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Let's End the Specious Argument of Beloved Dead Masters

In particular, let's end the "argument" between Adler and Strasberg.  There is no substance to their false reasoning upon whi...

Monday, January 23, 2017

When a Director Asks for a Result

Here's a quote from Meryl Streep in her interview regarding her performance of Florence Foster Jenkins:  “The last thing a really good director says to you is, ‘Be more lovely,’ to ask for the result,” she says. “So the result here is, ‘Sing badly.’ But I never thought about that. I thought about singing it as best as I could."  

Singing as best she could is an action.  I think the skill actors must achieve in order to prevent "indicated" acting is to be able to immediately transfer a director's request for a result into an action.  The ability to do that requires practice/rehearsal, and not after one has been cast in a production, but practice on a daily basis. 

Directors will frequently say, "be angrier," "be more flirtatious," "go slower, faster."  These adjectives are results, and an actor can't perform adjectives.  Only verbs will produce an action which will then give the director their desired result. 

Thursday, January 5, 2017

Lola Cohen - The Method Acting Exercises Handbook

"I have encountered talented actors who have worked with the ideas and techniques of Lee Strasberg, Michael Chekhov, Sanford Meisner, Stella Adler, Elia Kazan, Uta Hagen, Robert Lewis, and Kim Stanley, all highly regarded, who have made indelible contributions to both The Method and the craft of acting.  I believe there are more similarities between these artists than differences in their search for authenticity and truth.  You will find threads connecting their words and methods to the work of Konstantine Stanislavski, Vladimir Nemirovich-Danchenko and their trailblazing creation of the MAT.  Explore the different approaches and take from each those things that resonate most with you to illuminate the precarious human condition by making conscious artistic choices in your work."
                                                                                          Lola Cohen
                                                                                          from the Introduction to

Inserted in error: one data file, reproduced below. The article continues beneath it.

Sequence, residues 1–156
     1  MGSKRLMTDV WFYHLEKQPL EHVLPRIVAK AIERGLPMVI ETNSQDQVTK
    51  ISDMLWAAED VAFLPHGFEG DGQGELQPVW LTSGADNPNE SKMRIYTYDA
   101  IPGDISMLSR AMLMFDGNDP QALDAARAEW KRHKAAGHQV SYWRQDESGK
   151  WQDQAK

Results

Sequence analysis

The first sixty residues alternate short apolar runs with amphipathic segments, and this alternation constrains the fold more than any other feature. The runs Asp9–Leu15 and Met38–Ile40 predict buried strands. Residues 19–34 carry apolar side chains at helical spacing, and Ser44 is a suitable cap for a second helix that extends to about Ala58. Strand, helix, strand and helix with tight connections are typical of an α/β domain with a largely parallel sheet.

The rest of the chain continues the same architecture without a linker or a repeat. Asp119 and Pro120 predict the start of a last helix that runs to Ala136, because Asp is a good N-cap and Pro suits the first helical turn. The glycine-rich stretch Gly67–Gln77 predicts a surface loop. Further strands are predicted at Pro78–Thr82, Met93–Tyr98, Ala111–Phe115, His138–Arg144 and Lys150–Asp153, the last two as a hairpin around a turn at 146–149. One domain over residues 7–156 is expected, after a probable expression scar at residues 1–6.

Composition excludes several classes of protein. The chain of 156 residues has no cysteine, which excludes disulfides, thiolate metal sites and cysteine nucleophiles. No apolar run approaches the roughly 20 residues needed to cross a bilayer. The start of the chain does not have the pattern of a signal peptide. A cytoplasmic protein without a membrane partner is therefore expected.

The Method Acting Exercises Handbook

We were in a Starbucks somewhere north of the Strasberg Institute on 15th Street.  I had just observed Lola's four-hour Method Acting class.  I remember an exchange of fragments of questions, ideas, observations -- I love walking on the streets of Manhattan; I hardly noticed where we were -- I shared my own experiences teaching differently, but somehow felt an affinity with Lola's class comments, and what she said at that little table as she reached into her bag and said, "I want to read something to you -- something I've written in my introduction to my new book..."  She read the above-quoted paragraph.

I've only had time to skim through the contents of this new book.  I encourage you to read it as thoroughly as I plan to.  I think I will read familiar points of view with which I agree, those with which I won't agree, and definitely those I'd want to explore in depth one day with Lola.

Many books on acting technique have been published since those that were published by some of the masters Lola Cohen listed above, I have read inaccuracies and misunderstandings of their points of view in many of these books, or poor attempts at re-inventing the wheel.  That's why another book that thoroughly explains the criterion of the American acting technique is definitely not one too many, especially when the criteria seem to be more and more misunderstood as time goes by.

Wednesday, January 4, 2017

Elly Stone - About Voice, Breath

I had the privilege, at the end of 2016, to spend time with Elly Stone in New York. We often sat at her kitchen table over breakfast or an evening snack, and we talked about acting and singing, and acting technique and she shared with me some memories of acting classes, in particular, with Stella Adler.

We commiserated over the lack of good voices, good diction, in young actors.  One morning she showed me how to position my torso so that there would be an available endless breath, without tension, that would support my voice indefinitely.  She acknowledged that the Alexander technique was useful, but that Feldenkreis was far more useful because of its attention to the pelvis, and that it's from the pelvic area of our bodies that the breath must come.  She said, "Voice, in its natural state, is fueled by your breath and if your posture is correctly aligned, your breath will be drawn from a repository that never becomes empty."

She suggested I listen to Burt Lahr in the recording of Waiting for Godot (on YouTube).  I suggest you do the same, and listen to her singing Marieke from Jacques Brel is Alive and Well and Living in Paris.